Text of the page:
Well-Stocked Muscle Glycogen Stores Not Necessary For Exercise Induced Muscle Anabolic Response. Additional 5x Increment by Post(!)-Workout Whey + Cho Supplement.

Image 1: Glycogen depleted or not,
post-workout protein, preferably from a 
leucine-rich, fast digesting and nutritionally
complete source such as whey, is a must.
It is one thing that many trainees feel they perform better, train harder or have better endurance, when they (over-)"load" their muscle glycogen stores pre-workout. And as long as their need for carbohydrates is not merely imaginary, i.e. they feel sluggish and their gym performance sucks, whenever they are training on empty glycogen stores, I am quite sure that they will also make better gains. This mechanism would yet be completely different from any immediate, yet hitherto scientifically not validated, facilitative biomolecular effect of well-stocked glycogen stores on muscular hypertrophy, as it is proposed by many advocates of preworkout or even 24/7 carbohydrate (re-)feeding.

Dr. Connelly, who talked about this issue at length in the past installments of the BodyRX Show, was kind enough to remind me that back in 2007 Coffey et al. from Stuart Phillips' group at McMaster University, in Hamilton, Ontario (Canada), conducted a study that was based on an antithetical hypothesis, i.e. whether or not commencing resistance exercise with low muscle glycogen would enhance the encoding of genes implicated in muscular hypertrophy (Coffey. 2007). Yet, while there were significant differences at rest for the glycogen depleted vs. the normal leg of the subjects, both the increased GLUT4-MRNA expression, which is a sign of an increased capacity for glucose uptake, as well as the reduced expression of atrophic atrogenes (responsible for proteolysis, i.e. protein degradation) were overridden by exercise. Now, four years later Donny Camera from the University of Melbourne presented the results of a recent colloberation with the scientists from McMaster at the American College of Sports Medicine Conference in Denver, this year (Camera. 2011). The intention of this 2nd study was to elucidate the "effect of divergent glycogen content and subsequent post-exercise nutrition on anabolic signaling target p70S6 kinase during the early recovery period" after the completion of a standardized resistance training protocol.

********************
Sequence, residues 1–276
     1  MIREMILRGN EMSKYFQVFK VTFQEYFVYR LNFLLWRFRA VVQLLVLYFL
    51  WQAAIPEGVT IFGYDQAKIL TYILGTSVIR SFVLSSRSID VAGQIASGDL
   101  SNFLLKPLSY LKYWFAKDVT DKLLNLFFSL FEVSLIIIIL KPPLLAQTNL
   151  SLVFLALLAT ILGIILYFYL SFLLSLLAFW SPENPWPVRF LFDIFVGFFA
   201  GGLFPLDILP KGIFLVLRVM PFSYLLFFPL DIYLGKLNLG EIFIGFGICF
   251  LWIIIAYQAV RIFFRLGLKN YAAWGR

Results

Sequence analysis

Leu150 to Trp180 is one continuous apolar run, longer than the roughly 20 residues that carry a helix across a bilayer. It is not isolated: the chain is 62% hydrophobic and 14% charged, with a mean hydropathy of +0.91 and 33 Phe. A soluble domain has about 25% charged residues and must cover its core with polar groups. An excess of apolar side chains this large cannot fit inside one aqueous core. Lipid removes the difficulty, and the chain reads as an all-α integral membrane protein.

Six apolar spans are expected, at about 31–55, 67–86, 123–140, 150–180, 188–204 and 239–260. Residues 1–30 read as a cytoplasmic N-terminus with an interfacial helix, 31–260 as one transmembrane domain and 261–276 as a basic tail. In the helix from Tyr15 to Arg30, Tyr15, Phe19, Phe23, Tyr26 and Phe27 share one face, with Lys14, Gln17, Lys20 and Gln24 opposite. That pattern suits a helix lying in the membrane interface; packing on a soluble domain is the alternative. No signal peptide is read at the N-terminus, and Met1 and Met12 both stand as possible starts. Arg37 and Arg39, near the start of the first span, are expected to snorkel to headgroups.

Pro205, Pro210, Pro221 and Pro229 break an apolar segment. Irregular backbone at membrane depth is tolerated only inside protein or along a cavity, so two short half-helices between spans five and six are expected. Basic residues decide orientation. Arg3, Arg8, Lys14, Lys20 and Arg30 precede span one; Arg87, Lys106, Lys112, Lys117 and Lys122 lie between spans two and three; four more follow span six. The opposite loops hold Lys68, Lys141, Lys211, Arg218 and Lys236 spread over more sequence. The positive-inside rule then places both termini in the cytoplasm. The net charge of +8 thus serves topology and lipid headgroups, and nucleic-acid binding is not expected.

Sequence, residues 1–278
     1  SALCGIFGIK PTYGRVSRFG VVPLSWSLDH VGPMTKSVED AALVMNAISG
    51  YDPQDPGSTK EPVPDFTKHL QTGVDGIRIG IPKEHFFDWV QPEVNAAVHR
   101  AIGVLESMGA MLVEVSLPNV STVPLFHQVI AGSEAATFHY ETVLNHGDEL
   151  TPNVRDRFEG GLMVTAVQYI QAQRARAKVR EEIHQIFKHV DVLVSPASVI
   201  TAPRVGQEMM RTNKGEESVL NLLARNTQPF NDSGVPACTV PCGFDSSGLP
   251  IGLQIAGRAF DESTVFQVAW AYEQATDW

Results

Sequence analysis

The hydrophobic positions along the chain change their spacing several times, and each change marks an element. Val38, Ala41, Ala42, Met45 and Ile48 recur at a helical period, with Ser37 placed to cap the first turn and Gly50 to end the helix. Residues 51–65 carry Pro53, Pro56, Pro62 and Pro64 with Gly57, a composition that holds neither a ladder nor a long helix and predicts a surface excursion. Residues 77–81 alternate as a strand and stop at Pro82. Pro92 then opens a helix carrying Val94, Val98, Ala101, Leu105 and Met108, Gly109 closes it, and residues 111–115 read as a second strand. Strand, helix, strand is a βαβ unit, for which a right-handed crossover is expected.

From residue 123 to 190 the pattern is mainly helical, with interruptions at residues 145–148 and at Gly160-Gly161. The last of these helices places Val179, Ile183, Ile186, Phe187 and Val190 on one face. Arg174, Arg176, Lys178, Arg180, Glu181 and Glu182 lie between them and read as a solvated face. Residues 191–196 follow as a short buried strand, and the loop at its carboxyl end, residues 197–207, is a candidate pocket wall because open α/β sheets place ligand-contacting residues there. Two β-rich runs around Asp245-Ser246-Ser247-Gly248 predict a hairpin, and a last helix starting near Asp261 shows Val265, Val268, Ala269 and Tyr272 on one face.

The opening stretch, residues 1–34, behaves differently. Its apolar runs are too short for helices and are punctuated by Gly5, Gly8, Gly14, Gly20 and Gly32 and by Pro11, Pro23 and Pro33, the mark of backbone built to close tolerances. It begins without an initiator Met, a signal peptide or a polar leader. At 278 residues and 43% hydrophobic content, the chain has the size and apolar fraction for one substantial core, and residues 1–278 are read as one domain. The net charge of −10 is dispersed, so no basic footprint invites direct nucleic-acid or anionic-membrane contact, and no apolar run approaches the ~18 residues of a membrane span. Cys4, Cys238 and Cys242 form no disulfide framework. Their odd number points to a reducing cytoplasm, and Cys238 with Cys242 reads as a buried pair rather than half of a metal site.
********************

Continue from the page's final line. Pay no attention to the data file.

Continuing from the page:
Illustration 1: Very simplified illustration
of the role of mTOR and p90S6K
in protein synthesis.
Did you know that p70S6 kinase is a key component of the mTOR (the mammalian target of rapamycin) signaling cascade? The activation of mTOR via branched chain amino acids (leucine in particular) has been shown to increase p70S6K phosphorylation (the phosphorylation is equivalent to 'switching' it on). In a similar vein, physical exercise can activate protein synthesis via phosphorylation (activation) of p70S6K. The degree / increase / decrease of p70S6K kinase phosphorylation is thus considered a reliable indicator of the protein anabolic response to supplement and exercise protocols.